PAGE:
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Stuart Rosenbaum, Pragmatism and the Reflective Life. Lanham, MD: Lexington Books, 2009. 196 + xii pp. ISBN 978-0-7391-3238-8. $29.95 (pbk.)

In Pragmatism and the Reflective Life, Stuart Rosenbaum deftly weaves moral themes around the locus of pragmatism, using these themes to defend the titular “reflective life.” The leading figure here is John Dewey, who, in his writings on democracy, community, and morality, provides the basis for reflective living. Rosenbaum, in explicating the main ways pragmatism deviates from traditional historical philosophical models, provides a clear explanation of pragmatism to his readers. He achieves his main goal, clarifying the meaning of pragmatism and its attendant democratic ideology: ecumenism.

Rosenbaum states that “the content of the reflective life . . . is its commitment to autonomy, community, and ideality” (157). He approaches these themes through chapters entitled, “Pragmatism,” “From Moral Theory to the Reflective Life,” “The Reflective Life,” “Ideals,” “Deliberation,” “Education,” and “Ecumenism.” Rosenbaum, in “Pragmatism,” sets the stage for the exploration of the reflective life and provides a clear and concise understanding of the nature of pragmatism, especially in regard to the work of John Dewey.

To begin with, says Rosenbaum, one must understand what features distinguish pragmatism from traditional Western philosophy—its focus on experience and its endorsement of radical empiricism. In regard to the former, Rosenbaum underscores “the central intellectual commitment of the pragmatist tradition, the idea that experience itself is the source of its own guidance; experience itself is the source of aims and methods, principles, goals, and ideals that may yield better experience [End Page 78] and better institutions.” He further notes that “experience does not need the guide of external authority; it needs no external control to achieve betterment” (25). In regard to the latter, he lays out three definitive differences between the radical empiricism of pragmatists and traditional empiricism. The first difference, Rosenbaum makes clear, is that pragmatism treats epistemology and metaphysics as socially and culturally embedded (26). Pragmatists are especially attuned to how metaphysical and epistemological problems stem from specific contexts: “Since pragmatists see all phenomena, even sophisticated intellectual phenomena, as fully embedded within cultural and ecological contexts, they think that understanding such phenomena requires understanding those contexts. This respect for cultural context is the second definitive difference between pragmatism and classical empiricism” (26–27). This respect for culture is manifested in a genealogical understanding of moral problems. In other words, moral problems arise through and in specific cultural contexts.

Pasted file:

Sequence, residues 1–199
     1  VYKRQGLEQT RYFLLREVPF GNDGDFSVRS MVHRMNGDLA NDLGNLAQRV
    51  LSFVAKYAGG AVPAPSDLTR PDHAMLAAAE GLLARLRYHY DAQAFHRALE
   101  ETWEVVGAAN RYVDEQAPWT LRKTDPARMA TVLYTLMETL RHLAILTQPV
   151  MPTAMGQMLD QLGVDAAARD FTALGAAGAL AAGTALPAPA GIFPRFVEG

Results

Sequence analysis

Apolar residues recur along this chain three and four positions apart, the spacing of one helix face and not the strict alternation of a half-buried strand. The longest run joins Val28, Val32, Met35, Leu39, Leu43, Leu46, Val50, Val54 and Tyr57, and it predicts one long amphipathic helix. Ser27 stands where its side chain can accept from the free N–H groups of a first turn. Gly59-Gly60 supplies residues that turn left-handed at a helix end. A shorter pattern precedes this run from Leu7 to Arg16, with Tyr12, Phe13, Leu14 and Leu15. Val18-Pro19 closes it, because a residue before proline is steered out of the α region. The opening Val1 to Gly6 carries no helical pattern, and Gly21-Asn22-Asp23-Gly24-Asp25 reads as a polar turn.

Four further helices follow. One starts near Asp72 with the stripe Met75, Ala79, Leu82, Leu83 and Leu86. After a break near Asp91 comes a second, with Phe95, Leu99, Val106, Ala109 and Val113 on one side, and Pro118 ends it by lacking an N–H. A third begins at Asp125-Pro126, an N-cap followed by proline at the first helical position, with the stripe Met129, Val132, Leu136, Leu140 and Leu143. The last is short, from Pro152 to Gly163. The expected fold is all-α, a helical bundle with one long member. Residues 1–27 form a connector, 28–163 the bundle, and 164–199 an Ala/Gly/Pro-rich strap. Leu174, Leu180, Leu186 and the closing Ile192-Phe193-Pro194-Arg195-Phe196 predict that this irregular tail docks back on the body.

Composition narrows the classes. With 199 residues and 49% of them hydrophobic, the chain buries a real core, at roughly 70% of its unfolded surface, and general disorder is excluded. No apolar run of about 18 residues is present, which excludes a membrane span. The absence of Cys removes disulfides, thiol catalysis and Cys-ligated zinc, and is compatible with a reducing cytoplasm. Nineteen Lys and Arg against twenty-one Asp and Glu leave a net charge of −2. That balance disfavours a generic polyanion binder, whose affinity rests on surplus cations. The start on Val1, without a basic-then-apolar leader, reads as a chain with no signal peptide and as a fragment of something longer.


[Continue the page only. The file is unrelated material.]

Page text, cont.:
The third difference Rosenbaum identifies stems from pragmatism’s respect for science. Science, considered as a tool, “enables cognitive interactions within human environments, cultural and natural, but it does not enable knowledge transcending those environments” (29). Pragmatism’s rejection of the quest for transcendent knowledge is, in fact, the main theme underlying the differences between radical empiricism and classical empiricism. This pragmatic theme is clearly illustrated in the works of John Dewey. Rosenbaum makes this theme explicit, stating that “pragmatists do not seek conceptual universality, conceptual necessity, or a priori knowledge. Instead, pragmatists see humans as thoroughly embedded in their natural world, and this embedding includes their concepts and their ability to manipulate those concepts” (2). This position distinguishes pragmatists from philosophers of other traditions. Rosenbaum continues: “Conceptual universality, necessity, and a priori knowledge, the primary goals of analytic philosophers, are not goals for pragmatists because pragmatists do not regard those things as separable in thought from the widest possible human agreement about how to use ideas of morality and religion to seek better lives for individuals and communities” (2–3). Here Rosenbaum brings Dewey into the conversation, noting that he reacted against those strains of “Western thought that seek transcendence for humanity,” by recalling “humanity back to the natural world” (4).

According to Rosenbaum, the recognition of the import of cultural context—and moral genealogies—allow humans to lead the reflective life. Rosenbaum continues to display a solid grasp of pragmatism in his chapter on deliberation, a main theme in pragmatist ethics, and one related to social and cultural appreciation. As Rosenbaum artfully explains, agents deliberate when faced with difficult situations (107). In these situations, one is required to “be deliberate about one’s action...

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